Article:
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The AAPG/Datapages Combined Publications Database

AAPG Bulletin


Volume: 28 (1944)

Issue: 12. (December)

First Page: 1781

Last Page: 1781

Title: Exploratory Activity and Oil and Gas Discoveries in California for First Nine Months of 1944: ABSTRACT

Author(s): Albert Gregersen

Article Type: Meeting abstract


The number of wildcat discoveries in this period are very impressive. The amount of oil discovered is depressive. Gas discoveries have been of major importance. Results are compared with 1943. Twenty-four new oil fields and six new gas fields have been discovered. Most important oil fields are Jacalitos Northwest, and Sheep Springs. Commercial oil discoveries are discussed. All six gas discoveries are commercial. These are described.

Thirty-one new pool discoveries and extensions have added at least six to eight times as much to our reserves of oil as the wildcat discoveries. By far the most important new pool discovery is the "27-B" sand in the Buena Vista field, Kern County, where as much as 40 million barrels of reserves may have been proved by drilling to date. Another important deeper zone discovery, the lower Grubb of Pliocene age, was made in the San Miguelito field, Ventura County. A deeper zone discovery in the Rio Vista gas field, the Perry Anderson sand in the Eocene, is of major importance.

Exploratory drilling is up 30 per cent over 1943. Depth of exploratory holes has increased. Geological exploration, surface and subsurface, was responsible for 19 out of 30 wildcat discoveries. Seismograph mapping accounted for eight discoveries.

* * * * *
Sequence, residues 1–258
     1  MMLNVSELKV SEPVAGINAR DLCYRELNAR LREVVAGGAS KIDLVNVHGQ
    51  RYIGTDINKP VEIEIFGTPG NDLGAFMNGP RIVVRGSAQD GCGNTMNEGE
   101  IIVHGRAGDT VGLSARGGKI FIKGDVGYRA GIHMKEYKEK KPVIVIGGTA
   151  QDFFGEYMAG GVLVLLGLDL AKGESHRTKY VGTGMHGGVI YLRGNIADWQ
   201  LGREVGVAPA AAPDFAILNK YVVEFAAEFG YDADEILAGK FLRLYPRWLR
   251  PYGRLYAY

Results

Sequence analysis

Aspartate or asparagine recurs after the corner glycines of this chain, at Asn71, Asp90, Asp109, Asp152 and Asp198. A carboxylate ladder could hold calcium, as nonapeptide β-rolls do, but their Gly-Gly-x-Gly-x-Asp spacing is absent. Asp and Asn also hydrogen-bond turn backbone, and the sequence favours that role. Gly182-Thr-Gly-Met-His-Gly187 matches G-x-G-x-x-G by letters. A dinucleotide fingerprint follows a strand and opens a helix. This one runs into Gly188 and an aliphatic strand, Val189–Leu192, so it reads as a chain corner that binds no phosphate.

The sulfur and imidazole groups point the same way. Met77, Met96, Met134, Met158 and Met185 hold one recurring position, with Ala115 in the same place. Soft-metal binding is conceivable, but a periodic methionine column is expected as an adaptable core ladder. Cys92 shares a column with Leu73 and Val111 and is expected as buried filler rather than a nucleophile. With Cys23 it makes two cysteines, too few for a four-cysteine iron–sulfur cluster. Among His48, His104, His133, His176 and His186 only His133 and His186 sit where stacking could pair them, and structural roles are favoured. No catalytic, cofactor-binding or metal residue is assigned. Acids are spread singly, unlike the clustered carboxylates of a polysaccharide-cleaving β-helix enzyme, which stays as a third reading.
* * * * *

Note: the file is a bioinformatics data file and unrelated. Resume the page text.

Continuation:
Success percentage of exploratory holes and footage drilled was up about 5 per cent over 1943. There was a decrease from last year in the success percentage of wildcats drilled on subsurface geology and seismograph surveys.

Nineteen forty-four will be a record year for exploratory drilling activity. The average reserves per oil field discovery will be an all-time low. A world's record for deep drilling has been established.

Results of wildcatting suggest that we are fishing in streams largely fished out. New preserves, such as the State tidelands, may be opened by law. Others, such as Tertiary Marine Basin of the Pacific Northwest, may be opened by adventurous Izaak Waltons. Persistent and expert fishermen will continue to catch a few "big ones" for some time to come.

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Copyright 1997 American Association of Petroleum Geologists